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Probiotics 2.0: Synthetic biology jumps into the human gut


Kostas VavitsasSeptember 11, 2019

The human body does not exist in a vacuum. On the contrary, we are in close proximity and constantly interact with numerous microbes – according to a recent study there are as many microbial as human cells in our bodies. The genetic diversity they bring is staggering: a human cell contains around 20,000 genes, while the microbes contain 2-20 million of different genes!

Microbes are not mere parasites, but they form symbiotic relationships. Microbes on our skin are effectively part of defense mechanisms against pathogens. Lactobacillus species are important to the vaginal health. Microbes form dynamic communities in our oral cavities, lungs, and bladder. But the most important microbiome may be the one residing inside our gut.

Skin metagenomics and relative abundance of viral, bacterial and fungal components of the microbial community. Credit: Darryl Leja, NHGRI. 

The organs of our digestive system host around 500 species of microbes; their composition changes according to our diet, exercise habits, medication, travel, and whether or not we are sick. The bacteria in our gut break down complex carbohydrates that we cannot (think veggies!), help in the biosynthesis of vitamins, and they play a role in metabolic disease. It comes as no surprise that the gut microbiome is a field of extensive research, especially as the experimental and computational tools needed to analyze the microbiome develop and become more widely available.

Improving our way of living

The obvious targets of engineered probiotics are metabolic syndromes and other microbiome-associate diseases. However, current probiotics are marketed as nutrition supplements and make no substantial claims to cure certain conditions. Part of this is because the mechanisms of action of these probiotics remain largely unknown, especially in the context of a thriving, existing microbial milieu. Could we bring probiotics to a whole new level by giving them targeted actions through synthetic biology?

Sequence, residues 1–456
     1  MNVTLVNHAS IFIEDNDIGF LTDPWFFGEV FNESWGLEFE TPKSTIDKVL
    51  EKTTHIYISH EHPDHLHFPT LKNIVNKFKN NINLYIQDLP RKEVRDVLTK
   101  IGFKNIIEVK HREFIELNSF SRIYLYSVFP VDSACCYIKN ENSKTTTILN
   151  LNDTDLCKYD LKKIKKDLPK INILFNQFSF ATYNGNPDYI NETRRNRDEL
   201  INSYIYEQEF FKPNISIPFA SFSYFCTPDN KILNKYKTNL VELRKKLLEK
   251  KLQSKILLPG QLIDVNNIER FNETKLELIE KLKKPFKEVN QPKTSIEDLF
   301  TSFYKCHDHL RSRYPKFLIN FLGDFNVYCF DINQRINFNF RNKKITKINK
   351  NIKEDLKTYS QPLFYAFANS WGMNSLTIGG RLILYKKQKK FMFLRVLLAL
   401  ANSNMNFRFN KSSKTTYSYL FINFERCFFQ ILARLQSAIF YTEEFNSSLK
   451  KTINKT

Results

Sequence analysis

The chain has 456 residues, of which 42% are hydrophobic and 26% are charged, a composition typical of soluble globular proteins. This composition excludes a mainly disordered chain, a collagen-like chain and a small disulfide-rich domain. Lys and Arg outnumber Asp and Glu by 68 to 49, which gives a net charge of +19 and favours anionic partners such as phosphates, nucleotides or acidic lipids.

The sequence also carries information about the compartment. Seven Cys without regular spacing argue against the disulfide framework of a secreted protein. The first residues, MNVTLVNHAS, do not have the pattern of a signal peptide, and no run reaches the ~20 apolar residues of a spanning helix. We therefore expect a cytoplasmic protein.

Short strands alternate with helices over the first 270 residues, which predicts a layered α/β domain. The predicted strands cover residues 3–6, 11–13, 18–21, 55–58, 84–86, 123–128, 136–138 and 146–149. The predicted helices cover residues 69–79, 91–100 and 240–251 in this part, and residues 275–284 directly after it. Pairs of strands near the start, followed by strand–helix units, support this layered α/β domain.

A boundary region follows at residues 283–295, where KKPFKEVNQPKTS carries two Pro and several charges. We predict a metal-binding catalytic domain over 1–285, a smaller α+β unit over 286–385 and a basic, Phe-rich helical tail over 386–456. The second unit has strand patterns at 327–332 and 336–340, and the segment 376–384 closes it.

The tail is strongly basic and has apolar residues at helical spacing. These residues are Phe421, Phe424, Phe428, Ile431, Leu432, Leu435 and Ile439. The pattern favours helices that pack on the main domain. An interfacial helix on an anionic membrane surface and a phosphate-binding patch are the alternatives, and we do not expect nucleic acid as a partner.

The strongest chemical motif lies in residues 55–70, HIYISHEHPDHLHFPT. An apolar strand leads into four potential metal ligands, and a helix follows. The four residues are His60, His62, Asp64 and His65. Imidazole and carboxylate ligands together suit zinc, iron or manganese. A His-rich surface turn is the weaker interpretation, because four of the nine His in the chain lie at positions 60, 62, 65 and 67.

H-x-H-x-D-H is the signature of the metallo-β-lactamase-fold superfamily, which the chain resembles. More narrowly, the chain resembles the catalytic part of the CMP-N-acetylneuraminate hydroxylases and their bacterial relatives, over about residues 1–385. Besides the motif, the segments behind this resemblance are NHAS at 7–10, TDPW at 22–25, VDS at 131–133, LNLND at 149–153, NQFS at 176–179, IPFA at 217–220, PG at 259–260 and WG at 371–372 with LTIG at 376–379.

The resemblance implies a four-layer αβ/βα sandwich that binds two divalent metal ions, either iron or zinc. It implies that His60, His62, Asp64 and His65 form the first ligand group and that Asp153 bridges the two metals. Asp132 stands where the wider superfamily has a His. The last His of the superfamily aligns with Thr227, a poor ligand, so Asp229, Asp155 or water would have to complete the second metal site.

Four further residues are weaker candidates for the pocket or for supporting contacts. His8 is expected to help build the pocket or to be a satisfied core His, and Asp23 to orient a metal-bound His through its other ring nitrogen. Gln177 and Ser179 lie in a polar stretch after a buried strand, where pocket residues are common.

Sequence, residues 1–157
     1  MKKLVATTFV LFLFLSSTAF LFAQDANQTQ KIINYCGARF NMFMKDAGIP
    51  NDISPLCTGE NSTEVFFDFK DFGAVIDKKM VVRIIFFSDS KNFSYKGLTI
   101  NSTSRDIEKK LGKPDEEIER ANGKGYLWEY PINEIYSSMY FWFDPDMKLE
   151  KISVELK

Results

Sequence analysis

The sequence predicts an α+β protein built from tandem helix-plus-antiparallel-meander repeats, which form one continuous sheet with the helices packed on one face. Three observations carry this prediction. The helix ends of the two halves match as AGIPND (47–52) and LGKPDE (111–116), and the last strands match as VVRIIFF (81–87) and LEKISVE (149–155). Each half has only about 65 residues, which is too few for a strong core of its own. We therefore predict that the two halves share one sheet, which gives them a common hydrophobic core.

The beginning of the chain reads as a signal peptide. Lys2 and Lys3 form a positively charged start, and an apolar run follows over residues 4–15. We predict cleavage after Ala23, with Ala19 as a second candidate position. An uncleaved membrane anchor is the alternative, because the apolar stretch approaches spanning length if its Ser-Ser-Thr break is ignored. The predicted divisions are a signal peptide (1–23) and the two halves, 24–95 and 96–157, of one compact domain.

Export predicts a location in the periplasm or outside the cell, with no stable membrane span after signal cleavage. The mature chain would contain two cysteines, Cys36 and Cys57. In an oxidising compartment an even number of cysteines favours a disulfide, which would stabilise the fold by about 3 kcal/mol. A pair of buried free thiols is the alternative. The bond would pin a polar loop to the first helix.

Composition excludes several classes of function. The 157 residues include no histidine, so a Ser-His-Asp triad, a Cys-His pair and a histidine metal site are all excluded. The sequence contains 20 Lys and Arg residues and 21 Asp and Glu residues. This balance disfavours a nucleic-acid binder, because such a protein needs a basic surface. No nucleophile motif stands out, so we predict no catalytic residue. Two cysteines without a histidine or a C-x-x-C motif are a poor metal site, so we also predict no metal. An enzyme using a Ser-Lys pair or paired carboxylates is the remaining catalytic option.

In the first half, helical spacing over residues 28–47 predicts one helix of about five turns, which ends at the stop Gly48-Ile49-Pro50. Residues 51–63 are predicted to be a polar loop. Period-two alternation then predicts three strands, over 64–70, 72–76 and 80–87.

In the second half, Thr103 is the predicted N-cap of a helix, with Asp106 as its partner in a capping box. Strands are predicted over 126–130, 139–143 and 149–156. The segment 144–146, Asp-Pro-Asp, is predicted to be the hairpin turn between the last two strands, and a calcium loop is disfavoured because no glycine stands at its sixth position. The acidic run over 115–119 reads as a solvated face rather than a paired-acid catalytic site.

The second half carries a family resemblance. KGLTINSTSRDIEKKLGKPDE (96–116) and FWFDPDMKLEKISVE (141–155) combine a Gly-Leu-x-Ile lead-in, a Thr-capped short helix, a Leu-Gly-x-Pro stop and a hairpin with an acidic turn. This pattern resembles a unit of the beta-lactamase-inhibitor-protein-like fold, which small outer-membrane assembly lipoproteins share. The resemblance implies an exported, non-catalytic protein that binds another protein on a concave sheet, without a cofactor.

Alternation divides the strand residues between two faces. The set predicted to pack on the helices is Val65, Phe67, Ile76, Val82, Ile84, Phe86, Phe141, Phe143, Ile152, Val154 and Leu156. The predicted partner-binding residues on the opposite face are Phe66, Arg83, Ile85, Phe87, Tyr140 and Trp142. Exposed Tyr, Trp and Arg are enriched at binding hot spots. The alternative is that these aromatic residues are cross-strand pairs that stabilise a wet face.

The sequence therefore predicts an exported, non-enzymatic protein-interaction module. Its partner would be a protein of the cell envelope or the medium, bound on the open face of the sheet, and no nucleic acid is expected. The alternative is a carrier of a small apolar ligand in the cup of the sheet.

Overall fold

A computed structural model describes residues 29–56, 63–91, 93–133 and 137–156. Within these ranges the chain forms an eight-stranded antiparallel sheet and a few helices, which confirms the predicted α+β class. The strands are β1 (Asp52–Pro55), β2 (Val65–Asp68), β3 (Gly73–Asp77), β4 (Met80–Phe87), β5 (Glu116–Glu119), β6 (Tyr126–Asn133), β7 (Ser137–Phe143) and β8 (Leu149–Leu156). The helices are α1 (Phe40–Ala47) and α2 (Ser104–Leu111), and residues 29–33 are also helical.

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recent study from Joslin Diabetes Center in Boston and Harvard Medical School had a very interesting finding: the researchers discovered that some bacteria are more prevalent in the gut of marathon runners and they could increase the endurance of mice in the laboratory. The spin-off FitBiomicsreached a licencing agreement with Harvard’s Office of Technology Development, aiming to explore and commercialize research in the space of using probiotics to enhance athletic performance.

A few weeks ago, ZBiotics launched the first engineered probiotic to the market. The product acts effectively as a hangover cure, where an engineered microbe breaks down acetaldehyde, a toxic byproduct of alcohol catabolism. Zack Abbott, founder and CEO of the company, decided to move into the probiotics space after finishing his PhD. He says he wanted to make a product with “an obvious benefit to people, but not something related to cancer or diabetes.” I asked him what the biggest challenge of developing the product was, and the response surprised me: “the science was straightforward since we knew what our microbe had to do. But figuring out the supply chains, who can bottle the probiotic, how to distribute and how to brand, that was tough.”

Zack Abbott, founder and CEO of ZBiotics, at SynBioBeta.

What does the future hold?

The interface between humans and microbes is exciting and full of possibilities. Engineered bacteria can potentially monitor our health status, modify the abundance of metabolites, detoxify metabolic byproducts, and deliver therapies in a precise manner. They can also be part of a healthy lifestyle and act as nutrition supplements.

However, the fields of probiotics and microbiome research are already filled with a lot of hype and a lot of exciting promises that may never deliver. We recently started to understand how the microbiome is affecting health. So we need to be extra careful as a community on the expectations that we build and on how we design and test our products. We also need to increase the scopeof the research to wider demographics.

Nevertheless, I am confident that synthetic biology can transform the field of probiotics. The challenge is just bigger than usual. After all, we are talking about the most genetically diverse organ of our body!


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